Taeku Lee is Professor of Political Science and Law at the University of California, Berkeley. Lee is also Associate Director of the Haas Institute at Berkeley, Managing Director of Asian American Decisions, and Co-Principal Investigator of the National Asian American Survey. Lee is currently Treasurer and on the Executive Council for the American Political Science Association and serves on the Board of Overseers of the American National Election Studies and the General Social Survey, and on the National Advisory Committee for the U.S. Census Bureau. Lee is a renowned expert on racial and ethnic politics, Asian American politics and policy, opinion polling and survey research, and election law and political participation.
Katerina Linos received her Ph.D. in Political Science from Harvard University and is a Professor of Law at UC Berkeley. Linos examines networks as part and parcel of information diffusion, including in the context of migration and asylum-seeking. Her previous work details how ordinary citizens and elected politicians spread ideas about policy reform in health, family and employment law in lieu of diffusion through international elites or technocratic networks. Currently, her research examines how clandestine migrants who are escaping violence in the Middle East and Africa use mobile phone technology and social media in Europe to learn about asylum law, as well as how such technologies spread mis-information.
Magnus Lofstrom is a senior fellow at PPIC. His areas of expertise include public safety, immigration, entrepreneurship, and education. His recent work examines crime trends in California, public safety realignment and recidivism, and California’s jail capacity and construction needs. He also holds appointments as research fellow at the Institute for the Study of Labor (IZA), Germany, community scholar at the Julian Samora Research Institute at Michigan State University, and research associate at the Center for Comparative Immigration Studies at the University of California, San Diego. He serves on the editorial board of Industrial Relations and was a member of California State Controller John Chiang’s Council of Economic Advisors. Prior to joining PPIC, he was an assistant professor of economics at the University of Texas at Dallas. He received his PhD in economics from the University of California, San Diego.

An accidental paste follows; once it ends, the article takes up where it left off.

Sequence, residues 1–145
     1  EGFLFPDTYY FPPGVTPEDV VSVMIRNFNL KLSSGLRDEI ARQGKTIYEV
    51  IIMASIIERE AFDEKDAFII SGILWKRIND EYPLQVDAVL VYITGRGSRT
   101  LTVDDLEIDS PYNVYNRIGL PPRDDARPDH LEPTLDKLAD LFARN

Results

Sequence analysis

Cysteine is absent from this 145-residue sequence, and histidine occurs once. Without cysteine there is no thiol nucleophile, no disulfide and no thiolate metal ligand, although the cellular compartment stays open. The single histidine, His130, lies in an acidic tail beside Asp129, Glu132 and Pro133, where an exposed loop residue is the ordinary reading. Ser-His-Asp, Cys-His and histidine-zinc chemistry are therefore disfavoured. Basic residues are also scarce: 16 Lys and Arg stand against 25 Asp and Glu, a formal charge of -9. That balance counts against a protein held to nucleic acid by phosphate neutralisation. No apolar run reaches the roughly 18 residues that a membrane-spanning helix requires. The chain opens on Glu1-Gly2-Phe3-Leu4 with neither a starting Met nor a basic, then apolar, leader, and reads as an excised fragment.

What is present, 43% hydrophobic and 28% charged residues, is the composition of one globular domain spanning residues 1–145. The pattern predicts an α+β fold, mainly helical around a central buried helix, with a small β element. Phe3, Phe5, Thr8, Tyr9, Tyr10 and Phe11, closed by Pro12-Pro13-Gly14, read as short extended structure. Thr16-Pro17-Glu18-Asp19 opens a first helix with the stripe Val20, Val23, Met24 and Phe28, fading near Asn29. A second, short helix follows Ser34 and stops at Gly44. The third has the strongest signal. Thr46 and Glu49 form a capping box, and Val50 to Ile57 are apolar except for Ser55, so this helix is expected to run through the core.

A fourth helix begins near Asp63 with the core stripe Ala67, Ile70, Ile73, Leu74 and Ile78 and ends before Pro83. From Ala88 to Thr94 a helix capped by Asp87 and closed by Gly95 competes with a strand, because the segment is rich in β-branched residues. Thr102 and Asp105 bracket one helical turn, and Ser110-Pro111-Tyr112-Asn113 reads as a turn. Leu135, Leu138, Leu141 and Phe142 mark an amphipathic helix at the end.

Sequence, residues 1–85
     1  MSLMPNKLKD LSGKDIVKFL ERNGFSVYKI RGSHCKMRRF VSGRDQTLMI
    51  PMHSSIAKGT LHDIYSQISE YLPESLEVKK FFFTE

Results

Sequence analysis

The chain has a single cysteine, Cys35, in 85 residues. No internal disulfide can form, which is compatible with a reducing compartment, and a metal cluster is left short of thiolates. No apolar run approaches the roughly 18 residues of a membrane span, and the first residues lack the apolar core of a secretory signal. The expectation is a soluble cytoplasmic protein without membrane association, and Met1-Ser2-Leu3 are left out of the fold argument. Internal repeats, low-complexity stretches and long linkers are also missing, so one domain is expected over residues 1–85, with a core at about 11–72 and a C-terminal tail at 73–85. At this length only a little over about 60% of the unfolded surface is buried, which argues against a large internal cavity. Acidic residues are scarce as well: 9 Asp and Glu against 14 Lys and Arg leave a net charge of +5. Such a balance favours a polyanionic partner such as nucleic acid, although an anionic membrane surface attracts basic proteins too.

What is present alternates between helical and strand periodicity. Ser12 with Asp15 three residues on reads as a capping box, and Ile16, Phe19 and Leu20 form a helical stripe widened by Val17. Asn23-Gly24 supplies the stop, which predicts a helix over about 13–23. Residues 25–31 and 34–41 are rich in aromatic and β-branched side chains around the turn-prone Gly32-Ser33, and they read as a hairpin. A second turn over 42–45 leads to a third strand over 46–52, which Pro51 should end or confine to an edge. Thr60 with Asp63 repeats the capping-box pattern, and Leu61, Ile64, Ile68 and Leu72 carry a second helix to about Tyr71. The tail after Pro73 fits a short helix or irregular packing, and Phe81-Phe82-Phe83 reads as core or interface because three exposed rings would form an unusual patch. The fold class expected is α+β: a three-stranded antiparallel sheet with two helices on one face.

Cecilia Menjívar (Ph.D., UC Davis; Foundation Distinguished Professor) is a leading expert in theorizing the violence perpetuated by legal regimes and in studying undocumented immigrants or migrants in temporary protected or other “liminal” legal statuses. She specializes in qualitative field work, with special attention to gender, family dynamics, social networks and religious institutions. She is currently the recipient of a John S. Guggenheim Fellowship to write a book based on longitudinal fieldwork she undertook on immigration and legality in Arizona.
Ashton Verdery received his Ph.D. in 2015 from the University of North Carolina at Chapel Hill in 2015 and is currently an assistant professor in Sociology and Demography at PennState University. His research focuses on social networks. He is especially interested in demographic processes, specifically how population dynamics shape family, kinship, and social networks and how those networks in turn affect health and other population processes. He has given special attention to migration and the network ties that migrants retain to origin areas after moving as well as the new ties they form in different destinations. He is also very interested in using social networks as a basis for sampling populations that are otherwise difficult to survey. In this line of research, he is working on new ways to use and improve network based sampling methods, especially respondent-driven sampling.
Leti Volpp is a Robert D. and Leslie Kay Raven Professor of Law in Access to Justice and the Director of the Center for Race and Gender. After graduating from Columbia Law School in 1993, Leti Volpp clerked for U.S. District Court Judge Thelton E. Henderson ’62 of the Northern District of California, and then worked as a public interest lawyer for several years. Volpp served as a Skadden Fellow at Equal Rights Advocates and the ACLU Immigrants’ Rights Project, both in San Francisco; as a trial attorney in the Voting Section of the U.S. Department of Justice Civil Rights Division in Washington, D.C.; and as a staff attorney at the National Employment Law Project in New York City. Volpp’s numerous honors include two Rockefeller Foundation Humanities Fellowships, a MacArthur Foundation Individual Research and Writing Grant, and the Association of American Law Schools Minority Section Derrick A. Bell, Jr., Award. She writes about citizenship, migration, culture and identity.
Tom K. Wong is an associate professor of political science at the University of California, San Diego and recently served as an advisor to the White House Initiative on Asian Americans and Pacific Islanders (WHIAAPI) under the Obama administration. He is also Director of the International Migration Studies Program Minor. His research focuses on the politics of immigration, citizenship, and migrant "illegality." As these issues have far-reaching implications, his work also explores the links between immigration, race and ethnicity, and the politics of identity. He is also on the leadership committee of the California Immigrant Policy Center, the board of the New American Leaders Project, and recently served on the advisory council of Unbound Philanthropy. Wong also consults on campaigns and elections, specializing in mobilizing low-propensity voters of color and immigrant communities.